The Southwestern Historical Quarterly, Volume 76, July 1972 - April, 1973 Page: 349
silent partner in a nearby ranch operation. Although Will never had
been on horseback, he was ambitious to become a cowboy and overcame
almost insurmountable obstacles to achieve that end.
This partial biography by his widow tells how Will learned the arts
of riding, roping, and branding and how he became familiar with such
problems as homesteading and fencing in the era in which the open
range of free grass was giving way to individually owned ranches. The
narrative embraces the coming of railroads, the upgrading of cattle, and
the achievement of order and law.
The book brings in such familiar figures as Chief Quanah Parker and
Charles Goodnight, and shows that not all ranching activity was pro-
gressively successful. There were setbacks from drouths, prairie fires,
blizzards, and cattle rustling, all of which, plus poor management,
brought disaster to the ranch in which Will's father had an interest.
In time Will not only became a top cow hand but was trusted by
many ranchmen in handling and marketing their cattle. In years after
those treated here he leased the Spur Ranch of more than half a million
acres and began buying ranches for himself. When he died in 1960 he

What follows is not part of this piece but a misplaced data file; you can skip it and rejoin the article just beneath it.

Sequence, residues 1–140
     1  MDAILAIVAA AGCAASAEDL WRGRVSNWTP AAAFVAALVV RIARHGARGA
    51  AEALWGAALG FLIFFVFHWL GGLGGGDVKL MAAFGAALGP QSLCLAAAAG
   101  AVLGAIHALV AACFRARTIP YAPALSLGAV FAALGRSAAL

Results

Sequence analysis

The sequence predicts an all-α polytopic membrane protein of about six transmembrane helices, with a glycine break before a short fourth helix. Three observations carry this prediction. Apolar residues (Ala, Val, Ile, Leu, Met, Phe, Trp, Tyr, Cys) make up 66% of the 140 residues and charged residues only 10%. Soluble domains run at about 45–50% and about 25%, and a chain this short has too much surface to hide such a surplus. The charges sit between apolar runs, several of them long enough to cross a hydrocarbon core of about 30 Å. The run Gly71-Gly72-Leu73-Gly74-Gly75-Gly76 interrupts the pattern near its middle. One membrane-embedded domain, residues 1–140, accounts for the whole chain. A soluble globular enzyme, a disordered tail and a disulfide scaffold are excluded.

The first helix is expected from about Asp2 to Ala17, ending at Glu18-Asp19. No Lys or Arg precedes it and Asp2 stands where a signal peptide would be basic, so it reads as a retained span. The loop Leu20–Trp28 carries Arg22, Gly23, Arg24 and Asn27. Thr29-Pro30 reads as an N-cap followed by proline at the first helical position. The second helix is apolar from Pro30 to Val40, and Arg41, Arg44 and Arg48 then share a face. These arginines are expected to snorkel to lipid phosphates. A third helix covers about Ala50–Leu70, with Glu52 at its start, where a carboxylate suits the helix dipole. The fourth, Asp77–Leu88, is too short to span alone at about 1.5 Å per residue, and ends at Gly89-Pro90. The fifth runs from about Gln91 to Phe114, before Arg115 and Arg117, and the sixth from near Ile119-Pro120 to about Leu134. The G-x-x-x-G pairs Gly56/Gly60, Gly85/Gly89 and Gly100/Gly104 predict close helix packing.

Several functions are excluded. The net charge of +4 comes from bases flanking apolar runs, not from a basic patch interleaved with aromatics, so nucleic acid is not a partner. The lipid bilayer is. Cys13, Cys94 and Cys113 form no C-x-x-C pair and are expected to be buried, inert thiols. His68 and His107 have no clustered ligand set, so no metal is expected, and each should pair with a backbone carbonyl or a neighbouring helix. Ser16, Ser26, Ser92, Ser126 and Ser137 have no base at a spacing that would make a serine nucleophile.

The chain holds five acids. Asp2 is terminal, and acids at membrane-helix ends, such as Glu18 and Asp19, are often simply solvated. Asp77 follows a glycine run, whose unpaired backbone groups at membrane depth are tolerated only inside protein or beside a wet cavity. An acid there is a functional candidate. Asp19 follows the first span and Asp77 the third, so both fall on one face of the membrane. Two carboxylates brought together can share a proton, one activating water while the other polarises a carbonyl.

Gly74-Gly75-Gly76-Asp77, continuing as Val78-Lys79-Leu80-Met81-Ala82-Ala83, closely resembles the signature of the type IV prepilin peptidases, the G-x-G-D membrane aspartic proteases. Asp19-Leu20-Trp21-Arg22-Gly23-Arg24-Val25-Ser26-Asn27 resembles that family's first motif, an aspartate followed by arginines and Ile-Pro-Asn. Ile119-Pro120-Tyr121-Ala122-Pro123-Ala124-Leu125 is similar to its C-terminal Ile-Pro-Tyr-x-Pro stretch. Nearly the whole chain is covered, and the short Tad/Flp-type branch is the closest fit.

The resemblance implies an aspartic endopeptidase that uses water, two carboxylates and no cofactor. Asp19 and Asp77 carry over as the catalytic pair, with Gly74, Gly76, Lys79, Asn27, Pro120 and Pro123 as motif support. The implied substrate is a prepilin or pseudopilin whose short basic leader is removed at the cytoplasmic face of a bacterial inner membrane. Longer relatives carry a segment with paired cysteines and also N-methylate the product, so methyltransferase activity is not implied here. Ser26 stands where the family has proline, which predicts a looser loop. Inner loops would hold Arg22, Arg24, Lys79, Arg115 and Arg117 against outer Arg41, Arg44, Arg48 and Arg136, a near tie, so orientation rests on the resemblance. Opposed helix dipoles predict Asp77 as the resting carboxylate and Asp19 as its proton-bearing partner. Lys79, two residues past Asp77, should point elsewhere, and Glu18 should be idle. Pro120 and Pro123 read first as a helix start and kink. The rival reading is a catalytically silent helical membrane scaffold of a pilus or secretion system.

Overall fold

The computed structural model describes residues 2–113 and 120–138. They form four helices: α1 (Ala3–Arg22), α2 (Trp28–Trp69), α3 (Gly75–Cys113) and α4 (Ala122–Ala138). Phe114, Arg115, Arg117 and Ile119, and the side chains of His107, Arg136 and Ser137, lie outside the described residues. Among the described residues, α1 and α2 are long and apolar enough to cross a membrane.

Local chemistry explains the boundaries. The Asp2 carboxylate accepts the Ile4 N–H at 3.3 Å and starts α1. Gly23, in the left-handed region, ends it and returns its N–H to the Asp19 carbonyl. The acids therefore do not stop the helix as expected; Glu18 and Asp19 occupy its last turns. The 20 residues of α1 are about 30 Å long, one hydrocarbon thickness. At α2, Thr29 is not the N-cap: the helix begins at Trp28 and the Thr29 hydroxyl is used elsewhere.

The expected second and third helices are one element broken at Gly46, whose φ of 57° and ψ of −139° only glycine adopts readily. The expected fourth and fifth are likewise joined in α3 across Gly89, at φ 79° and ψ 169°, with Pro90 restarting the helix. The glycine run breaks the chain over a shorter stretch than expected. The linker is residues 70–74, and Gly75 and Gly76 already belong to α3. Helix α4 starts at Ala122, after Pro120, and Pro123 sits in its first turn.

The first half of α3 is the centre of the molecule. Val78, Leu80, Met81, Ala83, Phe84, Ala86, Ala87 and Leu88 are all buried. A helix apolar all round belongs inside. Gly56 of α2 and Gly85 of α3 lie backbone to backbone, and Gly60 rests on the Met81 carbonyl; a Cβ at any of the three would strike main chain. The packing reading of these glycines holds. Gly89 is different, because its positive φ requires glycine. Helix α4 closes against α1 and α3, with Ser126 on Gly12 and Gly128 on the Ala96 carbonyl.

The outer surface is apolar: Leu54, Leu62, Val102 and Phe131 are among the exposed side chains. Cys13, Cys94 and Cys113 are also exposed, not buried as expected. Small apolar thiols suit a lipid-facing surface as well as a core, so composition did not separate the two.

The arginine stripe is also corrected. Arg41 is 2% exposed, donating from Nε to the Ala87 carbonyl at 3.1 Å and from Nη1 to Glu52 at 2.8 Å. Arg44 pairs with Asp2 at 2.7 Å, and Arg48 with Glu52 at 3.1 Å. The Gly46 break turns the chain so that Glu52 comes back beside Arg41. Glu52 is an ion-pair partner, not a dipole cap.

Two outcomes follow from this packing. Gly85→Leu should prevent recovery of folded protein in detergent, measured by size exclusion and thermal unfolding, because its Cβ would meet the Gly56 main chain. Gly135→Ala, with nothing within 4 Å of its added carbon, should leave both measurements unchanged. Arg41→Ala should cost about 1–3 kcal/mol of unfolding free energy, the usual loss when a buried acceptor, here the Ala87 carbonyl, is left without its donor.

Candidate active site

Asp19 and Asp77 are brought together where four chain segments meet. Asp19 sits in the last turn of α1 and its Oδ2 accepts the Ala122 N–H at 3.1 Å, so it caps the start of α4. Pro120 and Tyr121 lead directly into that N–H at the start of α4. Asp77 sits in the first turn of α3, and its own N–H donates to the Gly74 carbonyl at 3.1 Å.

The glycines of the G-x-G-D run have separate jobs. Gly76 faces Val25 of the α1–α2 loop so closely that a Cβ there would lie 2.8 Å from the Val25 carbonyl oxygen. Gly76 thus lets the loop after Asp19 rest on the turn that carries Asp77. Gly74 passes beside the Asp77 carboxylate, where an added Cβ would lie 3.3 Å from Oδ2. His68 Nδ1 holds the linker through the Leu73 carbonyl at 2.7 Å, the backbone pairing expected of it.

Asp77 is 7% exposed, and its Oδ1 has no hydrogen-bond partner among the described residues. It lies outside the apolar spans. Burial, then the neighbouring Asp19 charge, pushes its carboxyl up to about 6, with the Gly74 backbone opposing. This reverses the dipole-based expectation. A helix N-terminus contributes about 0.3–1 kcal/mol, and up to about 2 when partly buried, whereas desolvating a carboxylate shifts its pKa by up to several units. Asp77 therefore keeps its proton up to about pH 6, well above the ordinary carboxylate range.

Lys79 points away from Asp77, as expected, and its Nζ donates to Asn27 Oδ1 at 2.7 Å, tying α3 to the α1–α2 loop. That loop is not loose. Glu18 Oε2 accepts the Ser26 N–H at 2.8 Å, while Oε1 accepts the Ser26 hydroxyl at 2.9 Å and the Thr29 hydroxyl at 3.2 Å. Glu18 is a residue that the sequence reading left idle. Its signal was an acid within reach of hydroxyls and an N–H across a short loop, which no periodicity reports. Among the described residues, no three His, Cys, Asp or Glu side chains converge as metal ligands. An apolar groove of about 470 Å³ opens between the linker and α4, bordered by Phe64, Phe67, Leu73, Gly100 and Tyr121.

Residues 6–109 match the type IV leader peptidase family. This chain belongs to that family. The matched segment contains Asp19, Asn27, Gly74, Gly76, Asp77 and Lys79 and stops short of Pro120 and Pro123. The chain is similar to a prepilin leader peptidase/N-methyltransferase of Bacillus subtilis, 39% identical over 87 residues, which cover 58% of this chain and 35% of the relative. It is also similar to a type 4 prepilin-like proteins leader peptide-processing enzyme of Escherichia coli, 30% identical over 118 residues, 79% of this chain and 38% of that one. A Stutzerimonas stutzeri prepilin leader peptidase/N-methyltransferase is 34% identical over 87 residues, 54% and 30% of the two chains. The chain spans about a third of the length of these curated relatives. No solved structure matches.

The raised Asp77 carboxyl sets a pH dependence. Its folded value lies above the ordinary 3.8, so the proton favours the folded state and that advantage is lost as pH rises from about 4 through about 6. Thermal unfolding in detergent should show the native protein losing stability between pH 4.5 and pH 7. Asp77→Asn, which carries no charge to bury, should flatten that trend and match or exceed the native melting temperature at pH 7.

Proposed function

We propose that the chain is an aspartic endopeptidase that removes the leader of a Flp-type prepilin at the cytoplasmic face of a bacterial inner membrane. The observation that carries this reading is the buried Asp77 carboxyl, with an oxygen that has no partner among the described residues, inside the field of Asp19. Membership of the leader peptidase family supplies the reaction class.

owned 140,000 acres that grazed more than o,ooo head of fine cattle.
Mrs. Lewis, who was twenty-one years younger than her husband, did
not know him in the period of which she writes here. Yet she obtained so
much information from him and from his friends that her book reads
like a firsthand account. Written in a sprightly style and illustrated from
photographs, it holds the reader's interest and gives a memorable view
of the Panhandle as it emerged from frontier conditions and became an
important part of today's cattle kingdom. It also reveals the Texas cow-
man as an embodiment of independence and enterprise.
Dallas, Texas WAYNE GARD
The Etchings of Edward Borein: A Catalogue of His Work. By John
Galvin. Compiled with the assistance of Warren R. Howell. In
collaboration with Harold G. Davidson. (San Francisco: John
Howell-Books, 1971. Pp. vi+ 249. Illustrations. $15.)
There is little chance when John Galvin and Warren R. Howell col-
laborate on a book that it will be anything but accomplished. When
they decide to treat the work of such an esteemed artist as Edward
Borein, there is even less chance that it will be anything but outstand-
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Texas State Historical Association. The Southwestern Historical Quarterly, Volume 76, July 1972 - April, 1973, periodical, 1973; Austin, Texas. (texashistory.unt.edu/ark:/67531/metapth101202/m1/391/ocr/: accessed July 30, 2016), University of North Texas Libraries, The Portal to Texas History, texashistory.unt.edu; crediting Texas State Historical Association.